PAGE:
General Excavating Tackles University of Nebraska Medical Center's Largest Project to Date
Constructing the $323 million Fred & Pamela Buffett Cancer Center at the University of Nebraska Medical Center (UNMC) in Omaha, required significant utility relocation and site work, successfully completed by General Excavating.
"It was an extremely congested area of the campus that was full of existing underground utilities that had to be worked around," says Brian Egr, Project Manager for General Excavating of Lincoln, Nebraska.
The 615,000-square-foot cancer center is the largest project ever for the University of Nebraska Medical Center, according to the cancer center. HDR of Omaha designed the center, which includes a 10-story research tower, a 108-bed hospital and an outpatient center. By collocating research and clinical space, the university hopes for greater collaboration and new discoveries in cancer care. The project received $50 million for the research tower from the Nebraska Legislature, $35 million from the city of Omaha, and $5 million from Douglas County. Additional funds were raised from the private sector.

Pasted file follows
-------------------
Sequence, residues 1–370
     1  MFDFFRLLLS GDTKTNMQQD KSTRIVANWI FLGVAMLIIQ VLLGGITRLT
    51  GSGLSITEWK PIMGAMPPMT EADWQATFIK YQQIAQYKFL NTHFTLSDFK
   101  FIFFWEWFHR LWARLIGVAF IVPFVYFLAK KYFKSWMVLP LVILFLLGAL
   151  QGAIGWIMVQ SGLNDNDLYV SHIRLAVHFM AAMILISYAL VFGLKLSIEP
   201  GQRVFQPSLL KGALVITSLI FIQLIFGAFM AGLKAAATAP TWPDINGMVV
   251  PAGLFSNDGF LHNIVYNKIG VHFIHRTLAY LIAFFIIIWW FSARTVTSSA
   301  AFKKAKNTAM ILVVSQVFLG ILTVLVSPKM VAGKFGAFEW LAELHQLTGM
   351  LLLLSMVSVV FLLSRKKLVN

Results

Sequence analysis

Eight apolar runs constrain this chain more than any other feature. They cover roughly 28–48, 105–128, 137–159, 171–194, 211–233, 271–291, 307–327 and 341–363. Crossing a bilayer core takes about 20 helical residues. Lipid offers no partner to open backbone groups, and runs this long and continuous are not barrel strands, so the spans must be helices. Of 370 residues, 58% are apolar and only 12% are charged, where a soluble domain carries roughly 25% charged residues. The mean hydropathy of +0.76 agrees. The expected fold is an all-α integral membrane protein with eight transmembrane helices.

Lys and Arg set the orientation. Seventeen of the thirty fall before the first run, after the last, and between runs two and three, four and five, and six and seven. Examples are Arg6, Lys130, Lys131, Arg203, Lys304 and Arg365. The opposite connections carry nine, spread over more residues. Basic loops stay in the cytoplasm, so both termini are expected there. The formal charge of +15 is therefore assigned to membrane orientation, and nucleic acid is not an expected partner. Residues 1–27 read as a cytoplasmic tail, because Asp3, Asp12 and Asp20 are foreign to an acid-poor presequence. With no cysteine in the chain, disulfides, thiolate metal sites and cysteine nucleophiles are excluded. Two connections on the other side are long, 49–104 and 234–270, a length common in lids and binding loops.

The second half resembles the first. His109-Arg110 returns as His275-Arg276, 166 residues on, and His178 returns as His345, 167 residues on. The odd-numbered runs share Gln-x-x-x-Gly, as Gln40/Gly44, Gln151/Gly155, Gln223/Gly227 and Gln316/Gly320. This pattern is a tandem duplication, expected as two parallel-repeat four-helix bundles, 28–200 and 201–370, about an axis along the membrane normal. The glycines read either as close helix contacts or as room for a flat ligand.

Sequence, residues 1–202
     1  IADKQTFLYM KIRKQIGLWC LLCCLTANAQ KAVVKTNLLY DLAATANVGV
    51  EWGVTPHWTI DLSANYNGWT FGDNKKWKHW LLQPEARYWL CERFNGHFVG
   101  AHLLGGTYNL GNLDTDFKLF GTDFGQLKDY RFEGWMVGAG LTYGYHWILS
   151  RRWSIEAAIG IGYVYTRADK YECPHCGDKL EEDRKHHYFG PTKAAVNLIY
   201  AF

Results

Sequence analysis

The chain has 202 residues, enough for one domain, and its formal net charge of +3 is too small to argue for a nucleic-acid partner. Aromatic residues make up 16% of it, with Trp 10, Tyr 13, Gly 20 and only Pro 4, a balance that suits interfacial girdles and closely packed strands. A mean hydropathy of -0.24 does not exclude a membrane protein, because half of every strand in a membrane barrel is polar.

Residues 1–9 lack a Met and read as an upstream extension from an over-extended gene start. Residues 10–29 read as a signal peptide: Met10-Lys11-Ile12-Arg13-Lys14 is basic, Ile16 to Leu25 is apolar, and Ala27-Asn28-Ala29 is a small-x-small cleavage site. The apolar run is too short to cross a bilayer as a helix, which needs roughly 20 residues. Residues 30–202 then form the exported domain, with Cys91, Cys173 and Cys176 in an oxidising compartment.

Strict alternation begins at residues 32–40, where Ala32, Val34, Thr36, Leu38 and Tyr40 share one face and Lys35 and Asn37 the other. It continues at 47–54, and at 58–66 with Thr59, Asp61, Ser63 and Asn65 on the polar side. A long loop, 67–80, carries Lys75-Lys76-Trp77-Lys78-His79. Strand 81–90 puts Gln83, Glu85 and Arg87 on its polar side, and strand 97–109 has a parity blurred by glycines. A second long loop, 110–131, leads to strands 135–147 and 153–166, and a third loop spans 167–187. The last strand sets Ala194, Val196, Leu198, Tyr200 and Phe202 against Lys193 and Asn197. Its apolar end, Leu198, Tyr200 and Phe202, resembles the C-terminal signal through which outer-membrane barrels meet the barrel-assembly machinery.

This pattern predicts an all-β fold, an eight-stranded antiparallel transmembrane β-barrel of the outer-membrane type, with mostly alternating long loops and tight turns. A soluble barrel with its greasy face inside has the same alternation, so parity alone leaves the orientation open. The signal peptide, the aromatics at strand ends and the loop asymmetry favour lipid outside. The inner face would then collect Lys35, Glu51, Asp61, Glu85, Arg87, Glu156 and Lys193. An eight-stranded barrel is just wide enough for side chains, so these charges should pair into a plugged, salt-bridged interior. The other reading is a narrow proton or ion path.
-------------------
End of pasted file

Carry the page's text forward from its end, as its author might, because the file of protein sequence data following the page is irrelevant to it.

"It was an extremely deep excavation in some areas, and it required coordination to get the utilities installed in a congested area, with an operating hospital," adds Joe D'Amico, Vice President of General Excavating. "It was a difficult job on a small site."
Employees are Most Important Asset
General Excavating celebrates 30 years in business this year. The company works throughout the Midwest and continues to grow. It places an emphasis on safety and strives to provide clients with the best value possible.
"We have a mantra to do what is right, and make sure the customer and employees are happy," D'Amico says. "Our employees are our number one asset. Without them, we do not have a company. We want to be around for generations to come."